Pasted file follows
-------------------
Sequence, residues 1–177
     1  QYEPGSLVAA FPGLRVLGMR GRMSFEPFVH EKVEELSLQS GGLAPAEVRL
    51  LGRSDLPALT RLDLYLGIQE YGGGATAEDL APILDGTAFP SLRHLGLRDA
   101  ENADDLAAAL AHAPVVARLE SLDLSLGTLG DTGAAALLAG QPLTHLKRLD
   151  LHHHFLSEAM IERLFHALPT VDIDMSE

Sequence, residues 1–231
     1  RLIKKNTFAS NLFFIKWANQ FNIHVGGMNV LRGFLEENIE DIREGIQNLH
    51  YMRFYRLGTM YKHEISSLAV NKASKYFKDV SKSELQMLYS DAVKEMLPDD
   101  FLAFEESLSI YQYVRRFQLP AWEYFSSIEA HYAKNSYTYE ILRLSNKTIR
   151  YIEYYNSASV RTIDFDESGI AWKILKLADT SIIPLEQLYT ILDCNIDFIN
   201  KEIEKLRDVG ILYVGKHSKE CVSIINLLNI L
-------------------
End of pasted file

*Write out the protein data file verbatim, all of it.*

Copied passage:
Sequence, residues 1–177
     1  QYEPGSLVAA FPGLRVLGMR GRMSFEPFVH EKVEELSLQS GGLAPAEVRL
    51  LGRSDLPALT RLDLYLGIQE YGGGATAEDL APILDGTAFP SLRHLGLRDA
   101  ENADDLAAAL AHAPVVARLE SLDLSLGTLG DTGAAALLAG QPLTHLKRLD
   151  LHHHFLSEAM IERLFHALPT VDIDMSE

Sequence, residues 1–231
     1  RLIKKNTFAS NLFFIKWANQ FNIHVGGMNV LRGFLEENIE DIREGIQNLH
    51  YMRFYRLGTM YKHEISSLAV NKASKYFKDV SKSELQMLYS DAVKEMLPDD
   101  FLAFEESLSI YQYVRRFQLP AWEYFSSIEA HYAKNSYTYE ILRLSNKTIR
   151  YIEYYNSASV RTIDFDESGI AWKILKLADT SIIPLEQLYT ILDCNIDFIN
   201  KEIEKLRDVG ILYVGKHSKE CVSIINLLNI L